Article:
3 minutes 36 seconds
00:00:00 - 00:00:27
It isn't rare for a country to seize the land of another, and it's not rare for the great powers to be involved in this process in some form or another. What is rare is that the country having its land taken isn't at war or even invited to the discussions concerning it. This is what happened to Czechoslovakia in 1938 when the German government demanded the Sudetenland for its own. It was ceded to Germany after Britain, France and Italy held a conference with the Germans and agreed to the transfer. The Czechs were not invited, yet in the end still handed the land over.
00:00:27 - 00:00:46
Which raises the question, why did they go along with it? So, as of 1938, Europe was a pretty tense place. Countries like Germany, Italy and Hungary were fairly open about claiming the lands of their neighbours. Austria had just been unified with Germany and Britain and France were concerned that this irredentism was going to lead to another major war. Which neither of them wanted, because dying is terrible.
00:00:47 - 00:01:13
As such, when the German government demanded that these lands, the Sudetenland and its large German population be handed over, the Czechs didn't want to because this region was very mountainous and they'd spent a bunch of money building defences there to defend them from a German attack. They were also bolstered by France and the Soviet Union having previously pledged to defend them. Although, there was 1 major problem with these alliances. They weren't worth anything. France had promised to protect Czechoslovakia, but actually fulfilling that guarantee sounded difficult and war was scary, so they were lukewarm on the idea.
00:01:13 - 00:01:40
As for the USSR, they didn't share a border with Czechoslovakia, meaning they'd have to go through either Poland or Romania, neither of which were ever going to let that happen. As such, the government in Prague turned to Britain for help, and Britain's response was, well, Germany sort of has a point. The Czechs didn't want to back down, and thus it seemed that war was inevitable. Britain and France didn't want this, and so, it was time for a conference. With Italy's moderation, the Allies agreed to hand Germany everything that it asked for, so long as it agreed not to conquer Czechoslovakia soon afterwards.
00:01:40 - 00:02:05
For France, this gave them an out, since if the Czechs refused, they could say that they were provoking Germany in doing nothing to uphold peace. As such, the Czechs, who were pretty upset about all of this, were on their own. Thus, they had no choice but to yield the territory since they knew that they couldn't defeat Germany on their own. Something made much more difficult considering that whilst the Munich Conference was ongoing, the Polish had marched into the country and taken some land for itself. So with that, the Czechs handed over the Sudetenland, which meant that things were settled then, right?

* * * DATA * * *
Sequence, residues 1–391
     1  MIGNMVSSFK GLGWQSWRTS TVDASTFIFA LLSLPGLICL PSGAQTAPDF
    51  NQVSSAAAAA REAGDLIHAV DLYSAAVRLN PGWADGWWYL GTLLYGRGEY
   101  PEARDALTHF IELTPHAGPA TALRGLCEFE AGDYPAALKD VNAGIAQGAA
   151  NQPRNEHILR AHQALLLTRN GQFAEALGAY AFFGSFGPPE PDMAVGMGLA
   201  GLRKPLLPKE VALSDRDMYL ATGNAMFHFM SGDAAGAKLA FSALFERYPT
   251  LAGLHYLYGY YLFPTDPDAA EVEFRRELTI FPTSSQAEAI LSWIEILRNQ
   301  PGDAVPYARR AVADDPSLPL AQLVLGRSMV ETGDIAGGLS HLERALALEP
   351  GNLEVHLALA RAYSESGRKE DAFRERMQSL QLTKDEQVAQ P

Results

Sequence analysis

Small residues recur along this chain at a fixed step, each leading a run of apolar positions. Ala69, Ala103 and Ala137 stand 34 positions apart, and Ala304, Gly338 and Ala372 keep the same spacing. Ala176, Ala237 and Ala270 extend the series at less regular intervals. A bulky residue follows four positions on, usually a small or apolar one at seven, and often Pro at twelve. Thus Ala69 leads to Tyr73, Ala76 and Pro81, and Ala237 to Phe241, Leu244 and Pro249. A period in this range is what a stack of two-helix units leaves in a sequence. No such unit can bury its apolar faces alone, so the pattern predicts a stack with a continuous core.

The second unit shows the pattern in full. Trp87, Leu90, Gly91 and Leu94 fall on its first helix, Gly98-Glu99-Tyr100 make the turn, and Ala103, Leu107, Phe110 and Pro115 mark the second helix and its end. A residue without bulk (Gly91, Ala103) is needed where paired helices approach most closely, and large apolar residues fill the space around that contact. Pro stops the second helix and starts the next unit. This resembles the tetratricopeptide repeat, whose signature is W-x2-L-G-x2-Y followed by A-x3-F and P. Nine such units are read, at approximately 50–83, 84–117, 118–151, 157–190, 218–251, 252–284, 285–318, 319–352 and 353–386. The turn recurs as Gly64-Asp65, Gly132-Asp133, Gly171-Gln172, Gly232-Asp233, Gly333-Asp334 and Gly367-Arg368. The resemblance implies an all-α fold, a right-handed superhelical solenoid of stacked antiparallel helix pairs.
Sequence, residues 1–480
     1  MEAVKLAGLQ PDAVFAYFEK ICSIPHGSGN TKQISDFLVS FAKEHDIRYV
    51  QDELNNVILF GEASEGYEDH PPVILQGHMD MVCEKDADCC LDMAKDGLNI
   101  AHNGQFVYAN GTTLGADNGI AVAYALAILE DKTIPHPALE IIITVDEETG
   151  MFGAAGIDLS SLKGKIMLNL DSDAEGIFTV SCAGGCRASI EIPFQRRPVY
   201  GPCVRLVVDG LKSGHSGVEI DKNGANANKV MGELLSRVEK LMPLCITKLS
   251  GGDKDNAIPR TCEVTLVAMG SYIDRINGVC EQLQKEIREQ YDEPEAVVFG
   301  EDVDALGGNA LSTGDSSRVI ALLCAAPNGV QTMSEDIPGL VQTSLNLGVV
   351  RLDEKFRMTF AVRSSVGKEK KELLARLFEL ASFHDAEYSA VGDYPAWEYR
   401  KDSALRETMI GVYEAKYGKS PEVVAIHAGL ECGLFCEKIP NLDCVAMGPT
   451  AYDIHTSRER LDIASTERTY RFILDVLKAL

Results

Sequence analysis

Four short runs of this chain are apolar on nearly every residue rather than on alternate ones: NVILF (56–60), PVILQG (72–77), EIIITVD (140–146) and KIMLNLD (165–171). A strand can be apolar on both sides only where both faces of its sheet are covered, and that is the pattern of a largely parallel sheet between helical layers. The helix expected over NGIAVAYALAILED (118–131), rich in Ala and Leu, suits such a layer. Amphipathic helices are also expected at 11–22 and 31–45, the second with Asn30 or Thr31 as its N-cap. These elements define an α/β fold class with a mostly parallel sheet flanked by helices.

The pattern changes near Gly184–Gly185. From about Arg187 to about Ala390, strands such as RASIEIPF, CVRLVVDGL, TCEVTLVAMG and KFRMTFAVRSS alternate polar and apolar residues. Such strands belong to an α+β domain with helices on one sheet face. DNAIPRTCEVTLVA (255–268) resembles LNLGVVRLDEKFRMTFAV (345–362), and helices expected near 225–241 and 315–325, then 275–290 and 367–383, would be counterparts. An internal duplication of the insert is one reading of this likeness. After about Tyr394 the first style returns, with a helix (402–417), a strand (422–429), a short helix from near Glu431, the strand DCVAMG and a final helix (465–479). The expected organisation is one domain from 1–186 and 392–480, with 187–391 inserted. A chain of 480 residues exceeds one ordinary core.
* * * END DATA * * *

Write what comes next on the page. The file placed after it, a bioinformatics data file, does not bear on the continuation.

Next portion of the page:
00:02:05 - 00:02:21
Well, no. Sensing weakness, Hungary opted to settle some territorial grudges of its own. Its government wanted these lands and the Hungarians that lived there. Which of course meant that it was time for another conference. This time, Britain and France weren't invited and shockingly, yet again, it was decided that Czechoslovakia would lose territory.
00:02:21 - 00:02:42
So why didn't they resist this time? Well, they were now in an even weaker position than before. Their best defence against a German attack was now gone, their allies had completely abandoned them and the government's primary concern was to not die. It was hoped, though, that these embarrassing concessions would preserve peace and at least maintain Czechoslovakia's independence, but fun fact, no. In 1939, with German backing, Slovakia declared its independence.
00:02:43 - 00:03:21
Hungary was then given more territory and the Czech State was promptly occupied by German troops and turned into a protectorate. Again, they weren't able to resist because much of their defences, industry, and the majority of their population had just been taken away from them. As such, Czechoslovakia ceased to exist and it wouldn't return until after World War II was over, and it was hoped in the new Czechoslovakian government that their allies would have learned from these mistakes and wouldn't sell them out again. Well, good luck with that. I hope you enjoyed this episode and thank you for watching with a special thanks to my patrons James Bizonette, Kelly Moneymaker, Korsho Wolf, Jordan Longley, Adam Stalter, Jerry Lambdin, Mark Osarsner, Wyan Hockey, Spencer Lightfoot, Words About Books Podcast, Gustav Swan, Captain Psydog, Rod D.
00:03:21 - 00:03:21
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